Several experiments also suggest that temporal order judgement of a pair of tactile stimuli, delivered in rapid succession, one to each hand, is noticeably impaired (i.e., misreported) by crossing the hands over the midline. However, congenitally blind subjects showed no trace of temporal order judgement reversal after crossing the arms. These results suggest that tactile signals taken in by the congenitally blind are ordered in time without being referred to a visuo-spatial representation. Unlike the congenitally blind subjects, the temporal order judgements of the late-onset blind subjects were impaired when crossing the arms to a similar extent as non-blind subjects. These results suggest that the associations between tactile signals and visuo-spatial representation is maintained once it is accomplished during infancy. Some research studies have also found that the subjects showed reduced deficit in tactile temporal order judgements when the arms were crossed behind their back than when they were crossed in front.
Parkinson's disease, schizophrenia, and attention deficit hyperactivity disorder (ADHD) have been linked to abnormalities in dopamine levels in the brain as well as to noticeable impairments in time perception. Neuropharmacological research indicates that the internal clock, used to time durations in the seconds-to-minutes range, is linked to dopamine function in the basal ganglia. Studies in which children with ADHD are given time estimation tasks shows that time passes very slowly for them. Children with Tourette’s Syndrome, for example, who need to use the pre-frontal cortex just behind the forehead to help them control their tics, are better at estimating intervals of time just over a second than other children.
Parkinson's disease, a degenerative condition causing tremor and motor impairment, is caused by a loss of dopamine-secreting neurons in an area of the midbrain called the substantia nigra. Its metabolic precursor L-DOPA can be manufactured, and in its pure form marketed as Levodopa is the most widely used treatment for the condition. In his book "Awakenings", Oliver Sacks discusses how patients with Parkinson's disease experience deficits in their awareness of time and tempo. For example, Mr E, when asked to clap his hands steadily and regularly did so for the first few claps before clapping faster and irregularly; culminating in an apparent freezing of motion. When he finished, Mr E asked if his observers were glad he did it correctly to which they replied "no". Mr E was offended by this because to him, his claps were regular and steady. When given L-DOPA, these deficits are lessened or subside entirely depending on the dose. This case not only shows that Parkinson's disease is related to time perception deficits but it also demonstrates how dopamine is involved.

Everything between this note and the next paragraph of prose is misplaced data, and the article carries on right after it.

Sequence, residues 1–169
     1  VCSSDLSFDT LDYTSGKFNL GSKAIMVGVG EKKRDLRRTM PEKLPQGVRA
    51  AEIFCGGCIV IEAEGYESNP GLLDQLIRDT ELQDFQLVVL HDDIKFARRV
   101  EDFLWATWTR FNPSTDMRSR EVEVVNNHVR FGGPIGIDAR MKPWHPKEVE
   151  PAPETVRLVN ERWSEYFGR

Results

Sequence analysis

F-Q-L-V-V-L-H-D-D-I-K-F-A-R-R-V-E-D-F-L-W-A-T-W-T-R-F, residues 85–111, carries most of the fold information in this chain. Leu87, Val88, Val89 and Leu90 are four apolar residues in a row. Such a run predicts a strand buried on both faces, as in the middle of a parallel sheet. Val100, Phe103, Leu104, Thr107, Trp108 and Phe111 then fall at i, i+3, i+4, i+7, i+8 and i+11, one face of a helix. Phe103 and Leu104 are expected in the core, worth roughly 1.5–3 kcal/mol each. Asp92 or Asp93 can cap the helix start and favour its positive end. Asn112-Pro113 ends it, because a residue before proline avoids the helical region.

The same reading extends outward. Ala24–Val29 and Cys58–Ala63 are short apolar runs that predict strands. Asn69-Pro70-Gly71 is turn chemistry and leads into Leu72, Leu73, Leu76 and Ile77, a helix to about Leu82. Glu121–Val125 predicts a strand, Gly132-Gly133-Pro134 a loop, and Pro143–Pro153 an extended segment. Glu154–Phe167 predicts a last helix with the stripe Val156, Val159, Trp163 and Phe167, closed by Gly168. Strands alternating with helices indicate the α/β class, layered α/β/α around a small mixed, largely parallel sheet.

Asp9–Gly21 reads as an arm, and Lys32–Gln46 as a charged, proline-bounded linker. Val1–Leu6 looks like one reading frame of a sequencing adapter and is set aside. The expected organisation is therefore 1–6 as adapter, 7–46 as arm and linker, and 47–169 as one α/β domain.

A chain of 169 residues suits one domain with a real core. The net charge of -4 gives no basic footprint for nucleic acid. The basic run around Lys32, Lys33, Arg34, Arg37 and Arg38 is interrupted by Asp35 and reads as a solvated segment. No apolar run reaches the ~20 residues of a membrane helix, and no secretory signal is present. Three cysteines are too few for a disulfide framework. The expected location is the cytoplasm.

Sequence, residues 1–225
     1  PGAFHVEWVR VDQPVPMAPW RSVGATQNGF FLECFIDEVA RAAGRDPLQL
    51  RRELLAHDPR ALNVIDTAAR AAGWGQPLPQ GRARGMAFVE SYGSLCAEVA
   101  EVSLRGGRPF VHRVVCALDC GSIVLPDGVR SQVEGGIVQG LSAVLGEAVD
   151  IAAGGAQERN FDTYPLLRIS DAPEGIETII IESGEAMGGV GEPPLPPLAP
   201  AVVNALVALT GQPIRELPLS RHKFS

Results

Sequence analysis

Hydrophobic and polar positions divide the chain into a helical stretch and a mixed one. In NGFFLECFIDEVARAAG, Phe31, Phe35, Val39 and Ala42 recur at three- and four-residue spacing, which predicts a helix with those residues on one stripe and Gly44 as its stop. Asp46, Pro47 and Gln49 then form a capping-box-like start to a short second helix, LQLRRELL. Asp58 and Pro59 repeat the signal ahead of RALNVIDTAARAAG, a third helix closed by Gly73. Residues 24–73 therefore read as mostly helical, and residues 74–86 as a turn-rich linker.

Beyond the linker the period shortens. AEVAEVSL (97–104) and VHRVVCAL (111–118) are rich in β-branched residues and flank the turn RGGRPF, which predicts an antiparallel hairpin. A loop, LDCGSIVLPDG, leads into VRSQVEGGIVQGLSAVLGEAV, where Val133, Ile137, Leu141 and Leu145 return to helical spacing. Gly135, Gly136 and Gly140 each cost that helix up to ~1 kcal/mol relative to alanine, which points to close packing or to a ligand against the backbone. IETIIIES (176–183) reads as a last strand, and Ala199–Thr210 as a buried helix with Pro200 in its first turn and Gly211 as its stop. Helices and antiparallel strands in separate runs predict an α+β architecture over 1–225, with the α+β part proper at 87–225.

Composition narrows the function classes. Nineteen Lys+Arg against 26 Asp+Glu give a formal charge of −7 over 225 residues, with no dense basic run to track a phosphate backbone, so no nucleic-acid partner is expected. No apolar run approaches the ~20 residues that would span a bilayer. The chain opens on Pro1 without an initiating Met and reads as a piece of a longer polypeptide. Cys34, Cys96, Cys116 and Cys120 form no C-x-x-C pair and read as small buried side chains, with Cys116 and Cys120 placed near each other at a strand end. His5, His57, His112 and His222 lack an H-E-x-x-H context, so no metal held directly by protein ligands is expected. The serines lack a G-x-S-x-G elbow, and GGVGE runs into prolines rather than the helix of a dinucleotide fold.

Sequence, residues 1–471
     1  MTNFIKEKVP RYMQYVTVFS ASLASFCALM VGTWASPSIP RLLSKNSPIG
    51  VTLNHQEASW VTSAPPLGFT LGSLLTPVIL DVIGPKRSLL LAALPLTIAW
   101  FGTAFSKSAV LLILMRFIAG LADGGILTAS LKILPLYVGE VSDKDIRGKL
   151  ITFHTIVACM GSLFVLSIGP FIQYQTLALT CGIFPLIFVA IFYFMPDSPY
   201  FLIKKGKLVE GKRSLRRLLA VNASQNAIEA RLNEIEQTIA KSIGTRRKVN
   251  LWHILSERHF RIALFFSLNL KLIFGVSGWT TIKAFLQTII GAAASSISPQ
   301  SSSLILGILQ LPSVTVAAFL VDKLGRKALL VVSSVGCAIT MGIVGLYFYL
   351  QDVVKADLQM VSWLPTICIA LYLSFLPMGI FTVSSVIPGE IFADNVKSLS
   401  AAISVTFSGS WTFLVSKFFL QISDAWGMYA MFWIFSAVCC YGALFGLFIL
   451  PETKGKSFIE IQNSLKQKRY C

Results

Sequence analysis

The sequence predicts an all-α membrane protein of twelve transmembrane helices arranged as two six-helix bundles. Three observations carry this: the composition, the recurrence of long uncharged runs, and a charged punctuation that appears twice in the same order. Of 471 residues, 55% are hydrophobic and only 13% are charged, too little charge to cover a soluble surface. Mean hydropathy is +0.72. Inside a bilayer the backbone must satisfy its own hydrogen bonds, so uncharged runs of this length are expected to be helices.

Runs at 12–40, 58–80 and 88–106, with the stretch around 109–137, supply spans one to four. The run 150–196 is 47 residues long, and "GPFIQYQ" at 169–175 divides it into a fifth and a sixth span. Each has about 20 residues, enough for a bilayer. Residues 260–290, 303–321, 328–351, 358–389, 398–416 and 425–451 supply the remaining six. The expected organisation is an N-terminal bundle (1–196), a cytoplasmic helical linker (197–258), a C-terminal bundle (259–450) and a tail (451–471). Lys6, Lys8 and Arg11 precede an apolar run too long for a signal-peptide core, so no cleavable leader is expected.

Restless legs syndrome and attention deficit hyperactivity disorder (ADHD) are associated with decreased dopamine activity. Dopaminergic stimulants can be addictive in high doses, but some are used at lower doses to treat ADHD. Specifically, dopaminergic systems are involved in working memory and inhibitory processes, both of which are believed central to ADHD pathology. Children with ADHD have also been found to be significantly impaired on time discrimination tasks (telling the difference between two stimuli of different temporal lengths) and respond earlier on time reproduction tasks (duplicating the duration of a presented stimulus) than controls.
There is evidence that schizophrenia involves altered levels of dopamine activity, and most antipsychotic drugs used to treat this are dopamine antagonists which reduce dopamine activity. Along with other perceptual abnormalities, it has been noted by psychologists that schizophrenia patients have an altered sense of time. This was first described in psychology by Minkowski in 1927. Many schizophrenic patients stop perceiving time as a flow of causally linked events. It has been suggested that there is usually a delay in time perception in schizophrenic patients compared to normal subjects.
These defects in time perception may play a part in the hallucinations and delusions experienced by schizophrenic patients per some studies. Some researchers suggest that "abnormal timing judgment leads to a deficit in action attribution and action perception."